In my experience, it makes a potentially scary and lonely experience much more personal and friendly. We all have the professionalism to use discretion and we can all tell when we're talking to the kind of person that would object to being called something more informal.

Louise said...

I normally go for the 'Hello/Good morning/afternoon, i'm Louise and this is blah...what can we call you?' And then the patient tells me and i normally go for that unless they have any objections. Not been caught out yet or told its not very professional by a patient or relative so must be doing something right?!

And i agree with tom, for some patients mate/buddy/love can be acceptable in the right circumstances, tends to put younger patients more at ease if you're at their level.

Monkeysox said...

"Hi there"
offer a hand to shake...
I introduce myself and my partner by our first names and I ask the patient what their name is.

Their answer is the name I will use to address them from then on

Simple.

Ambulance Amateur said...

My opening line is "Hi; I'm John, what may I call you?"

It has never failed to get a first name in return, but one day it may.

InsomniacMedic said...

I have no problem calling the patients by the name they choose, within reason... (Once had a patient who tried to get me to call him Mr I'mGonnaKillYouDead - He seemed serious so I left the choice of name to the police who came with us). Just don't think that it's necessarily something that needs regulating. Just seems to be an insult to both our intelligence and that of the patient.

Fee said...

Ah, but insulting the intelligence of sensible adults is in the mission statements of all large organisations, is it not?

Jeez, I'm getting more cynical by the day.

Seriously, if I need to dial 999, then you can call me whatever the heck you like. Love, dear, mate, pal, hen (I think that one's generally just here in Scotland). If I'm sick enough to need an ambulance, I'm not likely to care much what you call me!

Eytan said...

I call my patients 'Savlanut' ... sometimes 'Mr(s) Savlanut'
=;->
Et.

Tom said...

Two young policemen recently visited me with an enthusiastic and personable performance, which I have stated earlier on another blog (inspector gagdget), regarding a local initiative by police and other agencies in my area.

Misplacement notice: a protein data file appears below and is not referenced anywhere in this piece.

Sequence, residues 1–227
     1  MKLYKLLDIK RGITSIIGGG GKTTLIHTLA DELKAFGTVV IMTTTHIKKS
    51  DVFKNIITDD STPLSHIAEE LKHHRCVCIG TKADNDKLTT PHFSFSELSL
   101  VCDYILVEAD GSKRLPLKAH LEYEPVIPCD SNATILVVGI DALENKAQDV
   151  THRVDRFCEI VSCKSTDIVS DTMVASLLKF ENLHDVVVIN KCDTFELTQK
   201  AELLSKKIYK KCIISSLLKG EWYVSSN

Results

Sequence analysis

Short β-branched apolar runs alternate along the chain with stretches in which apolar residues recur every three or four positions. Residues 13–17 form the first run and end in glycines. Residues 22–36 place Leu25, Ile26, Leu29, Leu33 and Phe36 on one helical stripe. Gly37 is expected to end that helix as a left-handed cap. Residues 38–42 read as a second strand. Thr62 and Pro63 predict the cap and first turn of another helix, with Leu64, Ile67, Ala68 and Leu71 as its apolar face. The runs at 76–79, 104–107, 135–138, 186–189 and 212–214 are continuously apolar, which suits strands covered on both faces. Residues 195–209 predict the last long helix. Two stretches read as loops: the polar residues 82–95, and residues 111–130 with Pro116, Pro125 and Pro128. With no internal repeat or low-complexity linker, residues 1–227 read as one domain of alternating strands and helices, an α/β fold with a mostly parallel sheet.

Both officers were entirely socially sterile, no doubt a response to their training, as my wife and I offered our hospitality, both officers appeared uncomfortable. No tea and biccys were accepted.

I recall the use of the courtesy blanket when I was with the Surrey Ambulance Service, and the un-PC comments frequently banded about as a matter of course.

An elderly female due for transit to hospital would watch us speculatiley as a blue 'zorbit' blanket (sic) was placed over, whilst I removed the bed covering. This was a courtesy blanket with the intent to preserve our patients dignity. Often I would say "It's for your own good love, if my crewmate sees too much lady flesh he gets excited" to be followed by a girlish laugh from a 70 year old.

In intimate moments of distress, intimacy with the patient is often humour, and an unqualified, and un-pc exchange between patient and rescuer is the best medicine.

Peter said...

I call all mine by their first name unless they expressly tell me not to, or I get a strong feeling it's inappropriate.

I'm not trying to sell them somethign I'm trying to get them some care. Calling them by their first name is more of a personal touch I think.

Emily said...

It's just like the whole are they a patient, customer, service user etc... rubbish. It annoys me.

In hospital I often did the 'so, what do you like to be called then?' when chatting to patients, I was supised how many men like to be called something other than their first name so always made sure it was on their name board by their bed. I've called people Mr, Miss, Mrs before now and always have been told 'Oh just call me Bob/Jenny'. You can often tell if someone is unlikely to like being called by their first name...

Anonymous said...

I ask!
We have plenty of people asking to be called "Auntie", and if they want to be called "Auntie", that is fine by me! Saves me trying to pronounce their name accurately (difficult when I do not possess the local accent). I only ask that I get their real name for my paperwork too.
Names are personal, you can be called what you like (within reason).